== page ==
Career Counselling abroad prepares students for the future much better than their Indian counterparts, according to the International Career and College Counseling (IC3) Conference, hosted in New Delhi where a study was conducted.
According to a report, successful career counseling can make a significant difference for students.
35% of the students prefer the advice of their parents for selection of a college or a university against 33% of the students relying on the internet.
As per the survey, it is felt by 50% of universities that high schools need to play a bigger role in a smooth transition for students from schools to universities. 98% of universities also feel that more information and career counseling is needed at the level of high school to better equip the students
58% of universities focus on "relationship-building/engagement" while interacting with high schools, while universities confessed that their prime area of focus is "student recruitment". 31% percent universities witnessed a slight increase of 3-9% in international students enrolment while 45% of universities felt that there was not much change and felt that it was the same as in 2016. Due to the lack of awareness and opportunities that certain vocational courses bring to the table as compared to the conventional ones, pupils opt for the traditional courses.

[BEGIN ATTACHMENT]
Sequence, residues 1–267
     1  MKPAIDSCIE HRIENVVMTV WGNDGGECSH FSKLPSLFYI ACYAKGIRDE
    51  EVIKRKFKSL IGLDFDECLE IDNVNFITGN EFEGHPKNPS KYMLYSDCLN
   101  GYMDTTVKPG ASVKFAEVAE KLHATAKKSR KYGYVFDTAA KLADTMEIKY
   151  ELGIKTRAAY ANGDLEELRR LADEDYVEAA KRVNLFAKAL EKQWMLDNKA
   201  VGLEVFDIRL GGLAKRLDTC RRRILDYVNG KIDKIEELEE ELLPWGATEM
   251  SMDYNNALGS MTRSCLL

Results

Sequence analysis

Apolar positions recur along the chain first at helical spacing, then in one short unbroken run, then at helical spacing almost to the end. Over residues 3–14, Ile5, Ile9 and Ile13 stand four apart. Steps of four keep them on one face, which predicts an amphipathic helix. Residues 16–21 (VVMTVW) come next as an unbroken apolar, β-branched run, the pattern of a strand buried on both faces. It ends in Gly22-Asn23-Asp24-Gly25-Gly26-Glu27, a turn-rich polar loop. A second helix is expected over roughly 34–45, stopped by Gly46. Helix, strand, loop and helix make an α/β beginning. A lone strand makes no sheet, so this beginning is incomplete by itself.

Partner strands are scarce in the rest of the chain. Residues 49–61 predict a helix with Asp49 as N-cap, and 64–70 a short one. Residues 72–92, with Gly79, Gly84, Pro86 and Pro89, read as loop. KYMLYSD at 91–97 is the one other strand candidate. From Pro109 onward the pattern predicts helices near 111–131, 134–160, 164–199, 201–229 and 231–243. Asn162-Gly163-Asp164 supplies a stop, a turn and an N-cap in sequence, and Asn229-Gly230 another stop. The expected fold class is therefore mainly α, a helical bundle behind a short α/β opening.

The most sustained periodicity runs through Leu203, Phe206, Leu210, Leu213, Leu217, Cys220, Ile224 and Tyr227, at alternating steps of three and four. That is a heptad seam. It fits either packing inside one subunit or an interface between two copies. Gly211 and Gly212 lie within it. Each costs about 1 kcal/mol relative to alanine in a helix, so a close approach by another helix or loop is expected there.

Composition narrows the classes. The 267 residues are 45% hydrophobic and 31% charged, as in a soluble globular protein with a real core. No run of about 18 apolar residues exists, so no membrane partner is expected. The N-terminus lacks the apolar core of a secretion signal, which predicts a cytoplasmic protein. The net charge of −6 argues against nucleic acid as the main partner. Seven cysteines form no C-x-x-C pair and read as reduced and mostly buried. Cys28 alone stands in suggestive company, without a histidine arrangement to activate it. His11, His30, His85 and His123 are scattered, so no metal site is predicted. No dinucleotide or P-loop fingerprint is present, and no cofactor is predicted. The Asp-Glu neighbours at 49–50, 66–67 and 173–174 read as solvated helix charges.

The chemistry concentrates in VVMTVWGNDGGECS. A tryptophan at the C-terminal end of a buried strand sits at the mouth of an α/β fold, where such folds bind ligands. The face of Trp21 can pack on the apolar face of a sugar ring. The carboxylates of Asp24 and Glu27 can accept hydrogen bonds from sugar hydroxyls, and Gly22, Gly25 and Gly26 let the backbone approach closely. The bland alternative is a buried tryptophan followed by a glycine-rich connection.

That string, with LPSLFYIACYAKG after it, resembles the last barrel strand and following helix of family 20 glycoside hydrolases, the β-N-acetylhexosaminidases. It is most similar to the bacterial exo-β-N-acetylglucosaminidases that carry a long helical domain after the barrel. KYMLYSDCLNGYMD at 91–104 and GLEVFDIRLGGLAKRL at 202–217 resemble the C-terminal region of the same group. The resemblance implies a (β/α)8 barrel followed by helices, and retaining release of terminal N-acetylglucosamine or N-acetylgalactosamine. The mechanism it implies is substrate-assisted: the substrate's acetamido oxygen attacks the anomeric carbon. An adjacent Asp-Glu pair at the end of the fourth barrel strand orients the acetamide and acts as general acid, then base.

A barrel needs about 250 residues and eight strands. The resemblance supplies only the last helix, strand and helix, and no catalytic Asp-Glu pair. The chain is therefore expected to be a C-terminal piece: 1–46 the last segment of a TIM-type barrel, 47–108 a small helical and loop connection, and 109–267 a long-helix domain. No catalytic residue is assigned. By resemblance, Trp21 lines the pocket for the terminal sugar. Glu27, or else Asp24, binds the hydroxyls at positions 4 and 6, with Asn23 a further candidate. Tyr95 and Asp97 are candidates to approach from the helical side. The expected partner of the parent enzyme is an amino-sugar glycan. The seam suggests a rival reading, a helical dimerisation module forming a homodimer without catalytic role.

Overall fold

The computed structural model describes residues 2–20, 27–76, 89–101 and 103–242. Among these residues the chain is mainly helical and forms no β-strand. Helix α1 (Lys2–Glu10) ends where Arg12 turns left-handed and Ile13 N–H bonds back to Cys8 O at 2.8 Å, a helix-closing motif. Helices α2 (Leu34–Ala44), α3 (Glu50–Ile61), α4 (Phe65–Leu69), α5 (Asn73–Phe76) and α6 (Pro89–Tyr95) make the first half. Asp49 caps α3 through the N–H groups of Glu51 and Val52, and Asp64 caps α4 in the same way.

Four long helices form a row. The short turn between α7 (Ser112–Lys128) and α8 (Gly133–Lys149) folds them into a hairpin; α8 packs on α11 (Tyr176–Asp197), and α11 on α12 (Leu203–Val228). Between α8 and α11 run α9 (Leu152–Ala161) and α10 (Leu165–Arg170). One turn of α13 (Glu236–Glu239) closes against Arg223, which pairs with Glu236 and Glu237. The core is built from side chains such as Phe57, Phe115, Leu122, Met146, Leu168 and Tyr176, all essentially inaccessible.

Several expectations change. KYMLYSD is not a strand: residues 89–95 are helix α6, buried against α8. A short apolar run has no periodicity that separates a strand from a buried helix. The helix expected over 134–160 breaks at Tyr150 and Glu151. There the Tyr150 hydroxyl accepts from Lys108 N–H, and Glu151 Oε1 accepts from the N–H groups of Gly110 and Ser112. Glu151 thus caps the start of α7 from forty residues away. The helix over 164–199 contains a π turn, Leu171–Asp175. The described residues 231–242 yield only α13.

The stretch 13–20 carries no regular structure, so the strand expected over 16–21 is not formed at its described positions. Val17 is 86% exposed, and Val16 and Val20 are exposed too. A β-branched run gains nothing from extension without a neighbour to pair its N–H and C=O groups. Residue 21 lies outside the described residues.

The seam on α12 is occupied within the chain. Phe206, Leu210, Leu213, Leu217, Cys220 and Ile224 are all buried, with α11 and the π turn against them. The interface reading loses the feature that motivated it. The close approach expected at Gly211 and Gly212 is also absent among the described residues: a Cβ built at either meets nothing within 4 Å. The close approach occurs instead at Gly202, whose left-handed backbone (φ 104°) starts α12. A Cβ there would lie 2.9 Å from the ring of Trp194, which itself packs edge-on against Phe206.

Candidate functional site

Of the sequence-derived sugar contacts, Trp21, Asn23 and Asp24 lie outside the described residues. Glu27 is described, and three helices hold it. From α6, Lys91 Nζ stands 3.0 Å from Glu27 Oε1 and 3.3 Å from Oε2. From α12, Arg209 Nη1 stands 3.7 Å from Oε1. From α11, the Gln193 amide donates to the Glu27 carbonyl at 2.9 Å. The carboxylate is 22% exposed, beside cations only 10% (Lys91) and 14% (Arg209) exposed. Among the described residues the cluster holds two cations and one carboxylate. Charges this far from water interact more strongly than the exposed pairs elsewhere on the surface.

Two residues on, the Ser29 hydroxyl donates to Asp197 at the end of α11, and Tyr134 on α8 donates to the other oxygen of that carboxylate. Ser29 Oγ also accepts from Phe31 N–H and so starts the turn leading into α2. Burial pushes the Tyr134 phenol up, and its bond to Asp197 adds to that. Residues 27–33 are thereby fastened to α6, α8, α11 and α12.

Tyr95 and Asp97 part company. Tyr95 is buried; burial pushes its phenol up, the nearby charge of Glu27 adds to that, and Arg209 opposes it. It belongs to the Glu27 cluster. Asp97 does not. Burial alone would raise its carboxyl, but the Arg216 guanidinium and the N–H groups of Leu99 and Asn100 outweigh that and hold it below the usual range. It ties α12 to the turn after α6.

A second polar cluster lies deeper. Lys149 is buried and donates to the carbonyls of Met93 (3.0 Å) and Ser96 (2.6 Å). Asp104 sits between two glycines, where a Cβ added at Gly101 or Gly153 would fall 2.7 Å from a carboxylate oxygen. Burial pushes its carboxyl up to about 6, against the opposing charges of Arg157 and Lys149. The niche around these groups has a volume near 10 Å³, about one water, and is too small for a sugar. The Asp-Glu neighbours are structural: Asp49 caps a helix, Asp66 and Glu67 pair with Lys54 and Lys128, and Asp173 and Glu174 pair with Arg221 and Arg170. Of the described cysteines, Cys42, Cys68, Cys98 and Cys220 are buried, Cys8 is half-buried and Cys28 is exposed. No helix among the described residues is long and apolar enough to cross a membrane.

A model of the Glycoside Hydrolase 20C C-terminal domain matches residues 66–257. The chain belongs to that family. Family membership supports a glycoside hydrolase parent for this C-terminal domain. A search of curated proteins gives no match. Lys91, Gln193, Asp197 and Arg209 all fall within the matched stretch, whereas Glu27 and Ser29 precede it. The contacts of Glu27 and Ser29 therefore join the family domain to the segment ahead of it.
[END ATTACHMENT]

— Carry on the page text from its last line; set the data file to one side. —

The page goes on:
It was found out that 40% of the students prefer options such as science, technology, engineering, and mathematics.
Twenty-two percent of students opted for arts, entertainment, and sports while 17% chose health and medicine and only.
1% opted for business and finance. 46% of educators felt that students and parents are most stressed out about career-related decisions, 38% of students witnessed their counselors using some of the other forms of technology to guide them. It was also witnessed that student enrolment in international universities has increased with 45% of students preferring the US to study abroad, while 14% opted for Canada. 13% of applicants chose the UK, 10% for Australia, 8% and 7% for South East Asia and Europe respectively.
Due to a lack of exposure and proper counseling at the appropriate age, Indian students have not been able to gain priority over international students. "We need to develop career counseling activities in India to help people get the work they want in foreign markets," said IC3 Conference Chair and President and Chief Mentor, KIC UnivAssist.